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Bank of Tokyo Mitsubishi to create its own digital currency

15 June 2016  |  9855 views  |  5 Bitcoin

Bank of Tokyo Mitsubishi UFJ has confirmed reports that it is working on plans to create its own digital currency, with a limited release of the virtual coin penciled in for early 2017.

Responding to a query from Reuters following a report in Japan's Asahi Shimbun, the bank states: "Regarding the speculation (in) media reports, these reports are not based on any announcement by MUFG, and the details have not been decided. However we can only say that it's true that MUFG is conducting demonstration experiments on the 'Coin' within the company utilising a block chain technology."

The MUFG coin system will work much like prepaid electronic money, such as "Suica," already widely used in Japan, and will be pegged to the Japanese Yen. It is envisaged that users will be able to download the virtual currency onto their smartphones, and use it for P2P funds transfers and for online shopping. The money will be converted at a rate of one MUFG coin to 1 yen.

The bank is also reportedly developing ATMs that will enable customers to withdraw MUFG coins onto their smartphones or convert the virtual currency into cash, with release of the new machines scheduled for spring 2018.

Comments: (5)

Declan Clements
Declan Clements - Standard Chartered Bank - Dubai | 15 June, 2016, 11:56

Given that the MUFG coin will equate to one yen, why would I choose this over a mobile wallet with yen in it? Maybe this has educational value from developing an active implementation of the blockchain but it doesn't appear to have any economic benefit. However, in case I am wrong, and it does take off, there may be adverse implications for money supply, money market liquidity and bank lending ratios at least.

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Rik Coeckelbergs
Rik Coeckelbergs - bpost bank - Brussel | 15 June, 2016, 12:25

I made exactly the same reflexion!

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A Finextra member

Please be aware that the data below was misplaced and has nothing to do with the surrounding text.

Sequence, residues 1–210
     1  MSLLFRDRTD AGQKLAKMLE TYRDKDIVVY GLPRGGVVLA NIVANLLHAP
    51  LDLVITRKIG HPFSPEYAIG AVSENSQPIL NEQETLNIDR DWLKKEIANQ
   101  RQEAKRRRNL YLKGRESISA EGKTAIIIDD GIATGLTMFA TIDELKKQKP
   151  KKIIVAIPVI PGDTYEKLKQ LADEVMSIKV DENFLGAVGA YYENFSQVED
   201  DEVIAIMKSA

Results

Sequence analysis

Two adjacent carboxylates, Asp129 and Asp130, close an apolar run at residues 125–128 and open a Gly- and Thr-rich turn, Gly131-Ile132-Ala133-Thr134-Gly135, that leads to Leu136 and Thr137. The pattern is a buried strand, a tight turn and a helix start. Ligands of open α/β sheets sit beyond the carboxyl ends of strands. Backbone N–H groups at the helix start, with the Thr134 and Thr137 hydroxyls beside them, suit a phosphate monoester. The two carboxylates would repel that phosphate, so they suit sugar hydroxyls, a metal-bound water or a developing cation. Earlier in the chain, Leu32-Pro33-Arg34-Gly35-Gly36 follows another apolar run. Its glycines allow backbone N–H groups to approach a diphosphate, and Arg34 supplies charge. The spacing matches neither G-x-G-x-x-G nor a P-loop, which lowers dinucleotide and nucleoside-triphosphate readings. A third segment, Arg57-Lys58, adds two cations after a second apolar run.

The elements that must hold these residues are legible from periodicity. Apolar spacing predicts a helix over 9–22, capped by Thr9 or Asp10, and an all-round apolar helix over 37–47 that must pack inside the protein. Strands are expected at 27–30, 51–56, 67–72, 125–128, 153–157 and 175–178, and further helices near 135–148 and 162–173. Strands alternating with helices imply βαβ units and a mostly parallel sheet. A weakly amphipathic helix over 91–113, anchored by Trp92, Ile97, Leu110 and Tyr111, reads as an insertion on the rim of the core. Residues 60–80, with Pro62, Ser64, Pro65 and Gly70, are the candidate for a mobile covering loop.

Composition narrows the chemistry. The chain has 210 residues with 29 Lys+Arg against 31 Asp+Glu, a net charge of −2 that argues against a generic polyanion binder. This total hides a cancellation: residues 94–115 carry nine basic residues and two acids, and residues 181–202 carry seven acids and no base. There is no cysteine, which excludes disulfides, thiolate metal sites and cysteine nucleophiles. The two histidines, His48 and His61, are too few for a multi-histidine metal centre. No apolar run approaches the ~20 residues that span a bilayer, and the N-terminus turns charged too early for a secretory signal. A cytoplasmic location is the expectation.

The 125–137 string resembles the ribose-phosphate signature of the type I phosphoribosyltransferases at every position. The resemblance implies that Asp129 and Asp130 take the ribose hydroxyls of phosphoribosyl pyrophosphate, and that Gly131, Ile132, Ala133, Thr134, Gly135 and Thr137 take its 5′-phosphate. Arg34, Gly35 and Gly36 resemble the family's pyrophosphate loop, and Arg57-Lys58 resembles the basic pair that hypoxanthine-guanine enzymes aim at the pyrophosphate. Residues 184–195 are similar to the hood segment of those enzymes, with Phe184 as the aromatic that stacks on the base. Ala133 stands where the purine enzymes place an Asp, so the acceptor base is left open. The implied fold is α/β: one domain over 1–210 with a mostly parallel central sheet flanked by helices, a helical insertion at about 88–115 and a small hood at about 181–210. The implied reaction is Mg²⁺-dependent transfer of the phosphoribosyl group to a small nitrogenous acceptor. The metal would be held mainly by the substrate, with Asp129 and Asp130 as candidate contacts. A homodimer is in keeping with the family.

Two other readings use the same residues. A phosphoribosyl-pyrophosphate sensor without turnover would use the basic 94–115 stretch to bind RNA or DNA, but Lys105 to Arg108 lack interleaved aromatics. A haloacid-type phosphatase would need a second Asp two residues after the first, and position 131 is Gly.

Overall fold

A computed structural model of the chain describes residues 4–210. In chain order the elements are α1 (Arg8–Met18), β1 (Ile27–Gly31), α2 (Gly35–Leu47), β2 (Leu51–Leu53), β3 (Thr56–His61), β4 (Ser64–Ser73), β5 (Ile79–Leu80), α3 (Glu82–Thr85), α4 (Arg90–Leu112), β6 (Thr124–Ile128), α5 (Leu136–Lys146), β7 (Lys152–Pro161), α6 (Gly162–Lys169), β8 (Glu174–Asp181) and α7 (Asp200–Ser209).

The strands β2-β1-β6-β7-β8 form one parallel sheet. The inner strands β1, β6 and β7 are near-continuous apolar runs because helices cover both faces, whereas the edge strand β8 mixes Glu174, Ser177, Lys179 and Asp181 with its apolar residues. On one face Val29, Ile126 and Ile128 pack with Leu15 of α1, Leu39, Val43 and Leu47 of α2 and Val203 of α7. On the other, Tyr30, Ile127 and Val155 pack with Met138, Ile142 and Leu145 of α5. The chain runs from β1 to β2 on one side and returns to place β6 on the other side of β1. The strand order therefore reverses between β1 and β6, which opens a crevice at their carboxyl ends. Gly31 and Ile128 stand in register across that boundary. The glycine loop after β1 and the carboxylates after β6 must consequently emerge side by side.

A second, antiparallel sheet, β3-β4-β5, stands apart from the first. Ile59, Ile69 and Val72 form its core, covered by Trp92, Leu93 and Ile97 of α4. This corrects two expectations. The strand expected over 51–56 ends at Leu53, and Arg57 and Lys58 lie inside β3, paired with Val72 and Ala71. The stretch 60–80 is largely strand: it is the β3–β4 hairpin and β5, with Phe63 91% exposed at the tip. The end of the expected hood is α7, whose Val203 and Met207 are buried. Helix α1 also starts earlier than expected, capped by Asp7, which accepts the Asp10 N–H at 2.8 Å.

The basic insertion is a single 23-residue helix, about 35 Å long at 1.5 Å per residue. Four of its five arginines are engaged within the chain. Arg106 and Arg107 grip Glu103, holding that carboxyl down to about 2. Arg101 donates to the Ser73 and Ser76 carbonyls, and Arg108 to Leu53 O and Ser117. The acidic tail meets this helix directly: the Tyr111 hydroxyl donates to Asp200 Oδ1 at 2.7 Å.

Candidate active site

A Finextra member | 15 June, 2016, 14:21 That is my first reflection too - what's the point here? Using blockchain -or any chain- technology to move fiat currency (Yen), ok, but that is what most banks are looking into. And giving this new currency a physical form factor and dispense that through ATM's when most countries are (in Europe at least) in the process of trying to get rid of fiat currency in physical forms like notes and coins as much as possible ?
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Hitesh Thakkar
Hitesh Thakkar - FIS Payments Software and Services India - India | 15 June, 2016, 15:39

It seems Japan wants build crypto currency and circulate in tandem  with fiat currency with limited risk exposure ( P2P lending) may be that is reason conversion ratio is 1. For the same reason they want to allow customer to charge their mobile wallet from ATM or withdraw Yen till the time it gets matured in use.

However, I agree with Declan and Rik on implications on money supply.

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Kevin Cheung
Kevin Cheung - Independent Consultant - Brussels | 15 June, 2016, 16:10

Japanese law forbids entities that are not licensed money transfer agents from intermediating payments.

There are thus no mobile wallets / smartcards / e-wallets in Japan loaded with actual yens.

Popular electronic money-like services provided by Japanese mobile phone operators and railway companies — e.g.

  • https://en.wikipedia.org/wiki/Osaifu-Keitai
  • https://en.wikipedia.org/wiki/Suica

might give users the illusion that they contain yens but they are, in fact, stored value cards, essentially containing "points" that are redeemable for goods and services — e.g. train rides.

They are thus, conceptually, similar e.g. to a prepaid Starbucks card loaded with arbitrary units of value that one can redeem for, say, coffee.

Obivously, unlike your typical Japanese mobile phone or railway company, Japanese banks are fully licensed money transfer agents, and offer the full portfolio of bank accounts and intra- and inter-bank payment services one expects in a modern, industrialized country.